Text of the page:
Technology is constantly changing and advancing. It seems that all technologies will eventually give way to something newer and better; but one technology that seems never to get replaced is passwords. Read on to see why passwords have yet to go extinct.
Passwords have always been a cornerstone of security in the world of information technology. For years, there has been a push to replace passwords, with many people calling into question the viability of passwords when compared with newer alternatives. We discussed this with TechQuarters, a London-based IT company that has been providing small business IT support London-based businesses have relied on since 2010. While they confirmed that alternatives to passwords are already here and ready to use, passwords may still be important in 2023 – but why is this?
The Challenges of Authentication
The simplest answer is this: There isn’t a better alternative to passwords, nor is there a cheaper or simpler alternative.
For example, many companies and individuals have been saying that biometrics – such as fingerprint and face scanners – will replace passwords; this form of authentication is already readily available. However, it may only be a matter of time before malicious actors learn to fool these technologies. Furthermore, building biometric authorisation into all devices, platforms, and applications is both time and resource intensive.
There are many other forms of authentication –one-time passcodes (OTP), secure keys, RFID chips. Again, all of these methods are just variations on the same authentication model as passwords.
Why Passwords Fail (and what you can do about it)
There is no denying that passwords are not a flawless form of security. Millions (if not billions) of users have had their passwords compromised – the most common causes of this happening include:
It is a constant source of frustration for IT professionals that many users resort to very weak passwords. Having provided business IT support London organisations have used for many years, TechQuarters attested to the fact that even in 2023, there are still many users that fail to comply with minimum password complexity requirements.
A weak password can be cracked in a number of ways. Firstly, there is the brute force attack – where a hacker/cracker tries every possible combination of characters until the right one is found (using a machine, this can be done in fractions of a second). Then, there is the dictionary attack where the hacker/cracker uses a list of known and/or commonly-used passwords – many security firms curate and public a list of commonly used passwords each year.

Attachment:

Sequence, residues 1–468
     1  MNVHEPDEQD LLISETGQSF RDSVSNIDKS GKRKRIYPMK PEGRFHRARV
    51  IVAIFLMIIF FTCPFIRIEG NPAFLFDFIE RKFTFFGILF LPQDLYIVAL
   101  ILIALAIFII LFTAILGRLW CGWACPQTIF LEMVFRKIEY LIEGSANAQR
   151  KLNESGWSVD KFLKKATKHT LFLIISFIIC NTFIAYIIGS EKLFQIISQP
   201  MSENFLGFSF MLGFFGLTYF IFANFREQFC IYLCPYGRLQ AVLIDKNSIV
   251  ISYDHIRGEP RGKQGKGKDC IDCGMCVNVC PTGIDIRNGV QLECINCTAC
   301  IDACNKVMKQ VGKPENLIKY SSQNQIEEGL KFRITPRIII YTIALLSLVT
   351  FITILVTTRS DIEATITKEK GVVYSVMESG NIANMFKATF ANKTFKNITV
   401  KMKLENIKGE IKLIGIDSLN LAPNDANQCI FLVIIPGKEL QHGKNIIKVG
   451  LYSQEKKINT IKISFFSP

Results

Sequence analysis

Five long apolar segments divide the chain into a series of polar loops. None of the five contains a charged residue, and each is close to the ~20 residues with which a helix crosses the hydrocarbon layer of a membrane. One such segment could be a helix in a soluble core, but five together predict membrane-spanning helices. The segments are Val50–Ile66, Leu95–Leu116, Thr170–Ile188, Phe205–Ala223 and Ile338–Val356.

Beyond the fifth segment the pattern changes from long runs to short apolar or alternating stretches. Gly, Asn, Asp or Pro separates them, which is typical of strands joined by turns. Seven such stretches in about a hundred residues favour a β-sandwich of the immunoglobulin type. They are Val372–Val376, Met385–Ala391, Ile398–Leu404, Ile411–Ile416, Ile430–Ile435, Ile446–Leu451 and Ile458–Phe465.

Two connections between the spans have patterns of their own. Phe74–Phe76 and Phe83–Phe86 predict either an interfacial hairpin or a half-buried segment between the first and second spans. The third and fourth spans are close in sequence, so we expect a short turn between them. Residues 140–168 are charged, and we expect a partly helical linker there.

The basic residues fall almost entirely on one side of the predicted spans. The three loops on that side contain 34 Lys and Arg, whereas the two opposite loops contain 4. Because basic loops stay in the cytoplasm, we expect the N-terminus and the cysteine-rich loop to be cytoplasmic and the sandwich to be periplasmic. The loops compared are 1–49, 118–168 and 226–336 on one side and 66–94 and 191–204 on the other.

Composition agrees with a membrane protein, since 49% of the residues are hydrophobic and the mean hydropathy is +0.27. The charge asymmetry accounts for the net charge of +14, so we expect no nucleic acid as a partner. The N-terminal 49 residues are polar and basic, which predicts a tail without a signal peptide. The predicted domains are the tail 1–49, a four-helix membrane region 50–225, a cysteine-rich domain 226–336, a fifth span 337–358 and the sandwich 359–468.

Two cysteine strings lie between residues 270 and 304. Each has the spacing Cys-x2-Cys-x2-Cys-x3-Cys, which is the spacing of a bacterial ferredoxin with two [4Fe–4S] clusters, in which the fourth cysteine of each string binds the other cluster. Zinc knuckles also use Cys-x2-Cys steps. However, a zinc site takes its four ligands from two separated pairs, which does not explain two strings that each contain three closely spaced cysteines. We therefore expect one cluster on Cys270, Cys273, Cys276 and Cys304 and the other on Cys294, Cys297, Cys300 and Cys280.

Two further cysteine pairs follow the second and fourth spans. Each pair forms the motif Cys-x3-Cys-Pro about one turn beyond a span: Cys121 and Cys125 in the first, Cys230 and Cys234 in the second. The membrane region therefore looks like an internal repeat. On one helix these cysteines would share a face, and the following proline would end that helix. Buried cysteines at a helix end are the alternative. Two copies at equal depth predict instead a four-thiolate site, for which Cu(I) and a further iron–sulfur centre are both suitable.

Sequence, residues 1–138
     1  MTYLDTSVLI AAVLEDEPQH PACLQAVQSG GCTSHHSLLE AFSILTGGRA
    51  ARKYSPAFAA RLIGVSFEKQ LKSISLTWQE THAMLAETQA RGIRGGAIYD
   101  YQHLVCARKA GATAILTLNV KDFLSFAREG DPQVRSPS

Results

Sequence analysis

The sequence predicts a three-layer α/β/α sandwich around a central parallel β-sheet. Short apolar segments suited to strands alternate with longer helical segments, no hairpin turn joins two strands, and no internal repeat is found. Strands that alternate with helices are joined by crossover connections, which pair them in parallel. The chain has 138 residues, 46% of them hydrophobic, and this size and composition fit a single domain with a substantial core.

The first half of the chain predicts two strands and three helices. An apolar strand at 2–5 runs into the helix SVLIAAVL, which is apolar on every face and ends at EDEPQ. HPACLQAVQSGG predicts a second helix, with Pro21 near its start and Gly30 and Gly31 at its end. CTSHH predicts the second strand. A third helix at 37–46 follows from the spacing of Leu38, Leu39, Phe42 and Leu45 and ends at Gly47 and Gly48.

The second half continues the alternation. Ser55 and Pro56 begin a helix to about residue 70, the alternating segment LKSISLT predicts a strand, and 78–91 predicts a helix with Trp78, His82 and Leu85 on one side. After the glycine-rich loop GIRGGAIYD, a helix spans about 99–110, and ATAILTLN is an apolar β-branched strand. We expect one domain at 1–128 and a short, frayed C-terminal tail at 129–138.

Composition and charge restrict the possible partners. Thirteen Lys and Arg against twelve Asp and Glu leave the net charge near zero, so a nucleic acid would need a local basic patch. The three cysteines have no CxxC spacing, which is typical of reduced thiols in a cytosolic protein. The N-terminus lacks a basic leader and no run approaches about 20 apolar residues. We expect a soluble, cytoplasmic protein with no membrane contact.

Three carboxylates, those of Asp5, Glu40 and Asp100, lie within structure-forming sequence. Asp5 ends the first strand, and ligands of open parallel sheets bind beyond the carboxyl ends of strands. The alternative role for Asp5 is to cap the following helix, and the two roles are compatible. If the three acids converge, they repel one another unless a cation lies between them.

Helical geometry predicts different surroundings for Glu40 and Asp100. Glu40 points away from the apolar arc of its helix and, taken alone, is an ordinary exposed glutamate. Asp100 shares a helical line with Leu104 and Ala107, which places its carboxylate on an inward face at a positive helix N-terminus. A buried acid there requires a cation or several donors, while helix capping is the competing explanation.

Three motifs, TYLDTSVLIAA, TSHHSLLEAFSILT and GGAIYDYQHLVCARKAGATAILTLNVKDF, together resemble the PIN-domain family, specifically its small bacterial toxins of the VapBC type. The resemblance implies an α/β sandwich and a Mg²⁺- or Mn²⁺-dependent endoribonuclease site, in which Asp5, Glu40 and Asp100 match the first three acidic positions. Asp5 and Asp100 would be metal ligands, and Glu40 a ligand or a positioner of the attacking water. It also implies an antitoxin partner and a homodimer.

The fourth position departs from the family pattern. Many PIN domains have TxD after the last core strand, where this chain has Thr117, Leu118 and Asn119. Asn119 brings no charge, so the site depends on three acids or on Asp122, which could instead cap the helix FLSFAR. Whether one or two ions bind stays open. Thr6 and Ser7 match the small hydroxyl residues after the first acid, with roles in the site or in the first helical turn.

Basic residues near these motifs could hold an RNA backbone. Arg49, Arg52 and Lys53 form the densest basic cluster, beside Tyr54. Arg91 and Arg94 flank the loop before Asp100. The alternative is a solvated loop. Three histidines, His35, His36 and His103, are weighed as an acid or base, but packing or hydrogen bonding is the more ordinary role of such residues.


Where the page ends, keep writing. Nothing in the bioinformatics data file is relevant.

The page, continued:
Another persistent cyber risk that can be seen in many organisations is the reuse of passwords. This is common behaviour for many users – as it can be difficult to remember lots of different passwords, people opt to use the same password for multiple devices and accounts, not taking into account the fact that, if the login credentials for one account gets leaked, then multiple accounts can become compromised.
This issue has layers of complications, as well. For example, single sign-on (SSO) is a principle that is frequently applied to tenants that have multiple applications, services, or platforms linked together. For example, SSO can be seen in Microsoft 365, Google Workspace, etc. This in itself is not an issue, but if organisations are not conscientious of other security principles, such as access control, a single account breach can provide a malicious actor with access to a company’s entire data estate.
Password Best Practices
While the world is yet to find a foolproof authentication method, passwords will remain a fundamental line of security. While it may seem that passwords are a fragile form of protection, there are ways of ensuring maximum security. Having provided IT support Central London businesses have relied on for more than a decade, TechQuarters was able to offer some guidance on the best practices for password security:
Strong Password Creation
The longer, more complex, and more unique a password is, the longer it will take to be cracked – this is known as password entropy. Using a string of phrases, paired with numbers and special symbols, will help maximise the complexity and uniqueness to the password.
An example of a high-entropy password might be: Harness-Debug-Resonant4-Freebase
This combination has an entropy score of over 100, meaning it would take centuries for a brute-force attack to crack it.
For many, memorising a complex and unique password for each and every account or device would be impossible. Password managers like LastPass or BitWarden encrypt and store login credentials, allowing users to auto-fill passwords, while keeping them safe.
Multi-factor Authentication (MFA)
As we have mentioned, all modern forms of authentication are more or less as secure as each other. However, using multiple forms of authentication exponentially increases the security of an account. It is generally agreed that MFA offers the greatest level of security, while remaining accessible across all platforms.